There is no wisdom here. Sometimes a hermit is just a hermit. Sometimes a thief is just a thief. Finkel did his best. The book is interesting, but it is not illuminating.
The story of the “fat doctor” (as Ohler dubs him) is based on some diligent research. But it is buried beneath the breathless prose, like other interesting aspects of the book. Again and again, Ohler’s hyperbole stands in the way of sober understanding.
Mercy is great and I love reading about her adventures. There is always something going on with her and her pack of wolves.
With gripping action, political intrigue and an air of danger, the novel is one of the best reads of the year.
The plot line unfolds predictably, and there’s no real emotional tension, despite a spat between Peter and Rina over watching TV.
This is a very intelligent book, full of sharp insights and mordant wit. But as Harari would probably be the first to admit, it’s only intelligent by human standards, which are nothing special. By the standards of the smartest machines it’s woolly and speculative.
In a recent New Yorker essay, Saunders wrote that “literature is a form of fondness-for-life. It is love for life taking verbal form,” and this love suffuses Lincoln in the Bardo. This is a novel that’s so intimate and human, so profound, that it seems like an act of grace.
Superb. Just the thing for the literate fantasy lover and the student of comparative religion and mythology alike.
Driven by Katie’s witty observations and numerous missteps as she attempts to reconcile various aspects of her identity, this novel is smartly satirical and entertaining.
Robb knows her audience will be highly sympathetic to a police heroine who has to walk a crime scene in uncomfortably fashionable stiletto heels, but along the winding trail to the easily spotted villain, she's not afraid to throw in some descriptions that will earn this installment an R for serious sexual violence.
Balogh exhibits a fine understanding of how unmet expectations, painful father issues, and identity struggles can both restrain a person and lead to liberation. This Regency romance dives deeper than most and will satisfy fans and new readers alike.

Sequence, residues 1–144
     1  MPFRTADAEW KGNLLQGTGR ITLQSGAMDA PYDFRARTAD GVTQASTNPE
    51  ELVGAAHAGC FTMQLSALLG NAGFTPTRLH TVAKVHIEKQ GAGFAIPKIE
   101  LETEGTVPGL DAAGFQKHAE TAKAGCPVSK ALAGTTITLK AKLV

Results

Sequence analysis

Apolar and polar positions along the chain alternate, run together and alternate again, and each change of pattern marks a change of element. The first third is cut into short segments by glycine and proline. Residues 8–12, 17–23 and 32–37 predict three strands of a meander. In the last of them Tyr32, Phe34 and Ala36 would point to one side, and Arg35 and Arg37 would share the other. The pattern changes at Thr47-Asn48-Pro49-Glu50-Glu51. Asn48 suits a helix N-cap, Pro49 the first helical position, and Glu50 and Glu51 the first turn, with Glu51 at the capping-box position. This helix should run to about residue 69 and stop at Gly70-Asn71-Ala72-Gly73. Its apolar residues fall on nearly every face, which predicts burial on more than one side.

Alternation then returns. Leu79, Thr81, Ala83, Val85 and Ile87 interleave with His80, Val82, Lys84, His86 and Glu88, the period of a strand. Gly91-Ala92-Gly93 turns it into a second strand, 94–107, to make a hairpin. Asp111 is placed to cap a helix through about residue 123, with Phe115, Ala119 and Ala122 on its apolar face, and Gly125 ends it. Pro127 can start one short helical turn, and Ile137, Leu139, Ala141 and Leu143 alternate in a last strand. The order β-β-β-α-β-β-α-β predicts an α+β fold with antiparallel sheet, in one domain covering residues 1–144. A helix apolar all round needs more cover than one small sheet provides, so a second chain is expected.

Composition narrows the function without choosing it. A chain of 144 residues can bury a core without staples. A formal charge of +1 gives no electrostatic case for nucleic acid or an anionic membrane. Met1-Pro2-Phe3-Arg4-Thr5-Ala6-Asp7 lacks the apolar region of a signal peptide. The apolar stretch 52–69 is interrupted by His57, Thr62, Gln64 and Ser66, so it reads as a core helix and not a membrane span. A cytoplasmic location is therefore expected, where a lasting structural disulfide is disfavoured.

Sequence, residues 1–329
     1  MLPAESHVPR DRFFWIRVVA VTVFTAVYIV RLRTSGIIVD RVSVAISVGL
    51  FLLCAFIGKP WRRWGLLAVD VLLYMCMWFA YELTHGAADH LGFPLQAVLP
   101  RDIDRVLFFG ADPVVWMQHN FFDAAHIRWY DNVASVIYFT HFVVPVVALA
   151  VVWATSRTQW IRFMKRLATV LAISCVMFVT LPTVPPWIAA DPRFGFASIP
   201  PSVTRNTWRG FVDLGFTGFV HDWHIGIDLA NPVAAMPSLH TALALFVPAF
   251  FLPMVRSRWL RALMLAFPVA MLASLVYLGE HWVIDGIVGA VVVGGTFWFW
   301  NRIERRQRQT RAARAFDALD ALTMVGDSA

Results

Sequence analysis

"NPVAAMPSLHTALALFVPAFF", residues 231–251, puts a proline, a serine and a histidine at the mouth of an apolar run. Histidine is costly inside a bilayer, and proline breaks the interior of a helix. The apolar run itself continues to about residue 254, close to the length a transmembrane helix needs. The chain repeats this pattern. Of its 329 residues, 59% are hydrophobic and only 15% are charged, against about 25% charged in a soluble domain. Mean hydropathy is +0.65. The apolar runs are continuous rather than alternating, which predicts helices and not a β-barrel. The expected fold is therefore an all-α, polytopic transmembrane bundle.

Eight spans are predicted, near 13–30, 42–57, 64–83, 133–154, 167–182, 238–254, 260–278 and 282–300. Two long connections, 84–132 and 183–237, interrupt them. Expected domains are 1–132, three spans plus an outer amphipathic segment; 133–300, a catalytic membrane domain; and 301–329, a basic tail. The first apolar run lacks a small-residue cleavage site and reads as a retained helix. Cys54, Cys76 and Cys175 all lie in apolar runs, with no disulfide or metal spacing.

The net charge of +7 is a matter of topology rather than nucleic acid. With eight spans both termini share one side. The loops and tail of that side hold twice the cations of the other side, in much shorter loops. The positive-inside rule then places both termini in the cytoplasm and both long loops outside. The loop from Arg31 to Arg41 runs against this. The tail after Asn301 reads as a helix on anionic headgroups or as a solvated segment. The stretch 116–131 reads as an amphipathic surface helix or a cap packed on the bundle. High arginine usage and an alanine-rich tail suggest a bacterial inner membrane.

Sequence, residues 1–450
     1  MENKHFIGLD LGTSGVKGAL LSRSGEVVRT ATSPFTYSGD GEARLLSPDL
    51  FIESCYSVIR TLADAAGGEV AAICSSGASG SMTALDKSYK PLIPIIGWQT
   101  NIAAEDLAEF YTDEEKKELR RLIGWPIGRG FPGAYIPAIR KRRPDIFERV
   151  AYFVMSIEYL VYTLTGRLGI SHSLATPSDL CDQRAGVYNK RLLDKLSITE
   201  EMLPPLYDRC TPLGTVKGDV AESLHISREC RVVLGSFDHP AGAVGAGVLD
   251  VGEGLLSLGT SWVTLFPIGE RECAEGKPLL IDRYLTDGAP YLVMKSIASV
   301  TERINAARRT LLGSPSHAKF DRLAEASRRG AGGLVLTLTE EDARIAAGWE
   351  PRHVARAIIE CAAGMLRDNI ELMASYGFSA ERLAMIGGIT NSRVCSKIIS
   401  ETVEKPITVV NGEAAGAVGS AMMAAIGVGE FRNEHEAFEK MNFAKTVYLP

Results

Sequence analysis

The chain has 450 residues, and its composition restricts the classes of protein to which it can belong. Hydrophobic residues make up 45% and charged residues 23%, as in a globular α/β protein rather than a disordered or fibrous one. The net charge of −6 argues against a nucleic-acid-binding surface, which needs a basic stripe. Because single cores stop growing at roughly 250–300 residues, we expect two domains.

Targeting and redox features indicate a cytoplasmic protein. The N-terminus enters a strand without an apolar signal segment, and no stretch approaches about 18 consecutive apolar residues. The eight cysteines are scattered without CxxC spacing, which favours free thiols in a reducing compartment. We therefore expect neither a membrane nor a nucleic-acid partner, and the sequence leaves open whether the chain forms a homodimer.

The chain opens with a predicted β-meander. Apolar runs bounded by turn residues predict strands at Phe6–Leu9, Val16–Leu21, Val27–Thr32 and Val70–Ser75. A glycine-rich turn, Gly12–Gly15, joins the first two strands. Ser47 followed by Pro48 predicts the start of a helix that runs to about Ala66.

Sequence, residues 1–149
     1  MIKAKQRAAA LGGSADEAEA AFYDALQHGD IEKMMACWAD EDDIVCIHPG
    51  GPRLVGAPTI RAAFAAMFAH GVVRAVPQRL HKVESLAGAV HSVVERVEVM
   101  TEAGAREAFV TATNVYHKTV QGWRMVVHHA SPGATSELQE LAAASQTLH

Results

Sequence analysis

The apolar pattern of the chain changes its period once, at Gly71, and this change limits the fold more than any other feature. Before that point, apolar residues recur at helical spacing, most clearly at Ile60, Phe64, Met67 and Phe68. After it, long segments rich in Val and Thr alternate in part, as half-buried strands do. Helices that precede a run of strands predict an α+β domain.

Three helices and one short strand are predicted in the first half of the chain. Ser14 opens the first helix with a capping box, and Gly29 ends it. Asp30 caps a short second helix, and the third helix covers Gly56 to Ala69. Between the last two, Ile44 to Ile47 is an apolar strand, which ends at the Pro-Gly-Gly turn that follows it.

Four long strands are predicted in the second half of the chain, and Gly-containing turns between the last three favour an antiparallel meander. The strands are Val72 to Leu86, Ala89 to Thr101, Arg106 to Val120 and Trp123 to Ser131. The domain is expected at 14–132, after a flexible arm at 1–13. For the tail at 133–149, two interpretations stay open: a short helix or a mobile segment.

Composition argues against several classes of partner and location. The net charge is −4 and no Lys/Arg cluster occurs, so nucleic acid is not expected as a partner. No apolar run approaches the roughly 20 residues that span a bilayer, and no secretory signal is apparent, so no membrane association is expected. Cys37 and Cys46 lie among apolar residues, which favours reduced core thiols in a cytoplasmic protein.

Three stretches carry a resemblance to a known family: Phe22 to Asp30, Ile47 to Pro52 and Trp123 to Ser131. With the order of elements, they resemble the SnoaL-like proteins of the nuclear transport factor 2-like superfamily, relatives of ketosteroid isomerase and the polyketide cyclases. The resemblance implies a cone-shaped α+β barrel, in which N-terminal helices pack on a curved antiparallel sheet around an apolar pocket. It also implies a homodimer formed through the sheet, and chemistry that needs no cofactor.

Revealing chapters from the children’s point of view show them trying to match wits with adults. Devilishly clever twists propel Gardner’s tale of family bonds fractured, mended, and sometimes destroyed.
Unless the reader is deeply dedicated to following where science leads, the ideas in this book will be difficult to accept. Yet for those who study consciousness, the ideas presented by Chopra and Kafatos are logical.
What’s missing is humor. Every generation needs its Carrie Fisher, perhaps even its Hunter S. Thompson, but this isn’t it.
....Any historical romance reader will enjoy this book, but James’ fans will be especially pleased to revisit characters from the original Desperate Duchesses series titles
Cinematically engaging, harrowing, and poignant, Tyson’s monumental work illuminates Emmett Till’s murder and serves as a powerful reminder that certain stories in history merit frequent retelling.
The lovers’ courage and passion match the mounting dangers, cementing the bond between them in this enjoyable romp.
With her explosive, sizzling INTO THE FIRESTORM, Kat Martin proves that the real BOSS of romantic suspense is back with a bang.
All of the characters surrounding the reluctant couple are a hoot, too. The third book in the Heartbreaker Bay series is a lot of fun and just plain enjoyable to read.
In short: This is the most disgusting, upsetting, and utterly disturbing book I've ever read. Yet, in order to prevent something like this from happening ever again, it's one that absolutely needs to be read.